Monday, August 6, 2012

Information Management Policy Recurrence (SharePoint Devilish Details)

Information Management Policy is one of those oft-overlooked features in SharePoint.  It can really help organizations keep content fresh, but like so much else in SharePoint, the devil is in the details.  Depending on the scenario you’re trying to implement, you may find some details causing confusion.

In one recent case, a customer asked for a solution that prompted users to review content that hadn’t been modified in 365 days.  Initially, this seemed straight forward. Set up policy to review every 365 days, like this:

image

But, reading the recurrence description made me think there may just be a devil lurking in this dialog.  So I wouldn’t have to wait a year, I set up a series of tests that expire in 1 day, with varying settings.  Based on those tests, here are some gotchas I learned.

The retention policy,  will _not_ recur just based on Modified date.   In the example above, the initial workflow will only occur once, as noted at the bottom of the dialog.  So if it kicks off after 365 days, and the user changes the modified date, it will not kick off again in another 365 days unless you specify a ‘recurrence’.  To me, this does seems counter-intuitive.  I expected changing the modified date to reset the clock for the recurrence policy.  But, I think the concept is that the item is flagged as having “expired”, and will never “expire” again, regardless of what actions the user takes.  The workflow option is more intended to move the document elsewhere, archive it, etc.  Still, by specifying recurrence of 365 days, you get the desired behavior: the workflow runs every 365 days.

The recurrence happens based on the _initial_ occurrence.  So, after the initial review kicks off, if you specify a recurrence period of 365 days, the workflow will run every 365 days from the time the document first expired, regardless of modified date.  Again, this is counter-intuitive to me.  I expected- and the customer wanted- the review to occur every time the document had not been modified in 365 days.  This is, in fact, the initial behavior: editing the document bumps up the initial occurrence.  But, once that first “expiration” happens, the recurrence will be every N days, regardless of changes to the document.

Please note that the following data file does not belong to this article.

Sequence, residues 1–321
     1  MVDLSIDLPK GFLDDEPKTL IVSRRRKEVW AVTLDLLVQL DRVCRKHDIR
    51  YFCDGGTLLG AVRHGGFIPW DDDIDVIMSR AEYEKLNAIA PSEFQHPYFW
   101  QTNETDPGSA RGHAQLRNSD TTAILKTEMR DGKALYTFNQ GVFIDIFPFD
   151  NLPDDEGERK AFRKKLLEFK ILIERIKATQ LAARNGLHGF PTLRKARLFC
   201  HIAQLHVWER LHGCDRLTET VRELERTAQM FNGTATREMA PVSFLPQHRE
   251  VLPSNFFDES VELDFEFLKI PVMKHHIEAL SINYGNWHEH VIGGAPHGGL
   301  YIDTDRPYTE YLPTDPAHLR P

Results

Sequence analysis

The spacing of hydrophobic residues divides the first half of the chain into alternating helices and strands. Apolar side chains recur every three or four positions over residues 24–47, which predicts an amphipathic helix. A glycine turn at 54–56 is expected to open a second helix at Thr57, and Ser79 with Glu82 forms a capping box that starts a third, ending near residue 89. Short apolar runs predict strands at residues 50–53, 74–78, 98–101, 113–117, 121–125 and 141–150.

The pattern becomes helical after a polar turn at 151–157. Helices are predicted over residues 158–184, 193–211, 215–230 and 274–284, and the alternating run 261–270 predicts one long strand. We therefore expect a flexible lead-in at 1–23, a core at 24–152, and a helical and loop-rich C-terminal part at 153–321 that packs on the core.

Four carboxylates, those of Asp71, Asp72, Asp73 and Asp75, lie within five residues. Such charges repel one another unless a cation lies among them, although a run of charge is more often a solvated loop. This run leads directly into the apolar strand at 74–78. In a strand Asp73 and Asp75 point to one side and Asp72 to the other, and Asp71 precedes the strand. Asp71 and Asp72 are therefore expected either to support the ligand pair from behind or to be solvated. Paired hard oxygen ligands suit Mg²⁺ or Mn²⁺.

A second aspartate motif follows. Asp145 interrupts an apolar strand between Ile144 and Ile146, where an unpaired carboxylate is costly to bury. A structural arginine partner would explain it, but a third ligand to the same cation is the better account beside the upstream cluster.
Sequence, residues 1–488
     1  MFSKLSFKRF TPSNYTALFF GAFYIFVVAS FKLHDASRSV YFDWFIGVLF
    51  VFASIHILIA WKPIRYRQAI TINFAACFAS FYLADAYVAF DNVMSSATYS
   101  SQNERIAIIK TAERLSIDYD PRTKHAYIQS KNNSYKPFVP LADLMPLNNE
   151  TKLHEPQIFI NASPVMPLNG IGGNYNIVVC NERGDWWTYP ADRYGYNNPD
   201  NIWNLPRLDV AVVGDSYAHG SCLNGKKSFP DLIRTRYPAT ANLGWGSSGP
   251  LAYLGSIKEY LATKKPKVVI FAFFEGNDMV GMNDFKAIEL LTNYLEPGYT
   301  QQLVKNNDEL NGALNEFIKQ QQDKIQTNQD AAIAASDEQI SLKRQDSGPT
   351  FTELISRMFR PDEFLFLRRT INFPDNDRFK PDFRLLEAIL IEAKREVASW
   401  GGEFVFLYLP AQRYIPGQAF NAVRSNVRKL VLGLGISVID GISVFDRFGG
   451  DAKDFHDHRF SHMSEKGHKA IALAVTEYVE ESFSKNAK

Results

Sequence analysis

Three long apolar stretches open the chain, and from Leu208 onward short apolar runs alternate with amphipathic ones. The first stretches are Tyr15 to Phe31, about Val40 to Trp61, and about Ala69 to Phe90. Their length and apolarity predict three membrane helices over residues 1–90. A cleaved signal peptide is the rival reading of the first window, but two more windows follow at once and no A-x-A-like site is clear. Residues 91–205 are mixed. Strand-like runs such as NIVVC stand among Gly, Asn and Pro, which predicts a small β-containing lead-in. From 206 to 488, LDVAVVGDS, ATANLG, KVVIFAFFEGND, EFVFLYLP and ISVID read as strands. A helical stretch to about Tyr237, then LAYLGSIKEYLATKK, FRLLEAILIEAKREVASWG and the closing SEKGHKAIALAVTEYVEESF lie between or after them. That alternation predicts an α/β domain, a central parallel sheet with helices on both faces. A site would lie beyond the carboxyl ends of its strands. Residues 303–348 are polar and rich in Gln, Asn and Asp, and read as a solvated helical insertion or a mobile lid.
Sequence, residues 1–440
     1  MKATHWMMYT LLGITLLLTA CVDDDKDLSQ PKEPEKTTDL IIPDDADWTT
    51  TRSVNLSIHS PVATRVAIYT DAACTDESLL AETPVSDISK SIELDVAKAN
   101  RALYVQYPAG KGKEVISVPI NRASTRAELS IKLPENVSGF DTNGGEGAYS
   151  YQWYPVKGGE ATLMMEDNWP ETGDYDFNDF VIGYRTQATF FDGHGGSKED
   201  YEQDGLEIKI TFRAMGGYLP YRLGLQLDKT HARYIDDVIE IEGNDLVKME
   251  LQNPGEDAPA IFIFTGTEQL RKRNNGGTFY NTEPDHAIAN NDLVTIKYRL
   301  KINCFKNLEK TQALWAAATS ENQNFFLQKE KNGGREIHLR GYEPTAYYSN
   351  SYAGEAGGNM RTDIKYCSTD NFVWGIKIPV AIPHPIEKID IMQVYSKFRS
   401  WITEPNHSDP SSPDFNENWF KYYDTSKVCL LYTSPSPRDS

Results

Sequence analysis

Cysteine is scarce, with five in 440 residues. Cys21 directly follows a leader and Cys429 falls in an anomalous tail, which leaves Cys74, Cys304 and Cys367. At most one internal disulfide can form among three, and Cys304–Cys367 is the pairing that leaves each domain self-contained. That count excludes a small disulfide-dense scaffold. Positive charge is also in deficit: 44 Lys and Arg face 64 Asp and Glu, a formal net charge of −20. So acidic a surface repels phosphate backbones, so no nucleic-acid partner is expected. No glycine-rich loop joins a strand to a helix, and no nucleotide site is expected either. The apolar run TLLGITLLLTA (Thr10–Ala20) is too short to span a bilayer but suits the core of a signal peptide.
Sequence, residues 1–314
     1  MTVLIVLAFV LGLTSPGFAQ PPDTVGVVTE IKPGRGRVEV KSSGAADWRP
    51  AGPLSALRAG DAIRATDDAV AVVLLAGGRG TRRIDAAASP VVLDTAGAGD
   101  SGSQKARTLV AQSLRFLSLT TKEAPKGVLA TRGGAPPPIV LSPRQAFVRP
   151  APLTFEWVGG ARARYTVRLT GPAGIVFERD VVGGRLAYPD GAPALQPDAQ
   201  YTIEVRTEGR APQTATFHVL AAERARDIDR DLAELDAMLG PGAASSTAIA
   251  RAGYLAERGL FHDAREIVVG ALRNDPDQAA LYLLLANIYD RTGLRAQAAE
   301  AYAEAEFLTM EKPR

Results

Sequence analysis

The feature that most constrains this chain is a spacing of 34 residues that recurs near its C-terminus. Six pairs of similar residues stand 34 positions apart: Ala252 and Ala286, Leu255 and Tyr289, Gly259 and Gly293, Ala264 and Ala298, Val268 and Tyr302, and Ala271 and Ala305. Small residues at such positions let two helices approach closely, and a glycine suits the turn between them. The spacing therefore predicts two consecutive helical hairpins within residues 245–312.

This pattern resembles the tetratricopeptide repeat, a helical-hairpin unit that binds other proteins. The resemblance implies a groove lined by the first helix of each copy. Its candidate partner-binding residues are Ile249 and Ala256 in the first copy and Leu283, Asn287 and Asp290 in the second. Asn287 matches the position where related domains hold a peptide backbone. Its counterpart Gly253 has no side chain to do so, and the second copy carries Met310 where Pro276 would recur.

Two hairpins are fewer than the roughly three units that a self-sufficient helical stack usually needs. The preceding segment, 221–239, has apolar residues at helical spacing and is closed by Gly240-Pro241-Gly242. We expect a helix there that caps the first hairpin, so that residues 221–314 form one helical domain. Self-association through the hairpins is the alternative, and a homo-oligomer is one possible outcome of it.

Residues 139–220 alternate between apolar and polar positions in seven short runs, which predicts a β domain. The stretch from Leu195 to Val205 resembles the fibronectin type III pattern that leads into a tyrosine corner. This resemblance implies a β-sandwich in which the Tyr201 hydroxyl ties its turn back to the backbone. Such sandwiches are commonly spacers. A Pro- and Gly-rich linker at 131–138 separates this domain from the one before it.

So, how do we handle this scenario?  It takes a little more logic in the workflow, but is not to difficult.  Simply set the initial occurrence to 365 days after modified date, but the recurrence to a more frequent period – say 2-4 weeks.  Then, add logic in the workflow to check the modified date:

image

This way, the workflow will be kicked off initially at 365 days.  After that, every 2-4 weeks.  But only if necessary will an actual review take place.

Bonus Powershell Timer Job Kick

Expiration Policy Processing occurs weekly by default.  If you ever need to test, or want to trigger processing at once, you can run the timer jobs in CA, or Powershell:

Get-SPTimerJob | ?{$_.Name.Contains(“ExpirationProcessing”)} |%{$_.RunNow()}

I didn’t find many specifics on how those settings played out, so I hope this is helpful for somebody (maybe me?) down the road.

1 comment:

Unknown said...

Hello, It's a main part of sharepoint and your blog is related to this information thanks for sharing post.

I would like to shareoint community, So if you have any question for SharePoint Development are welcome.

Thanks.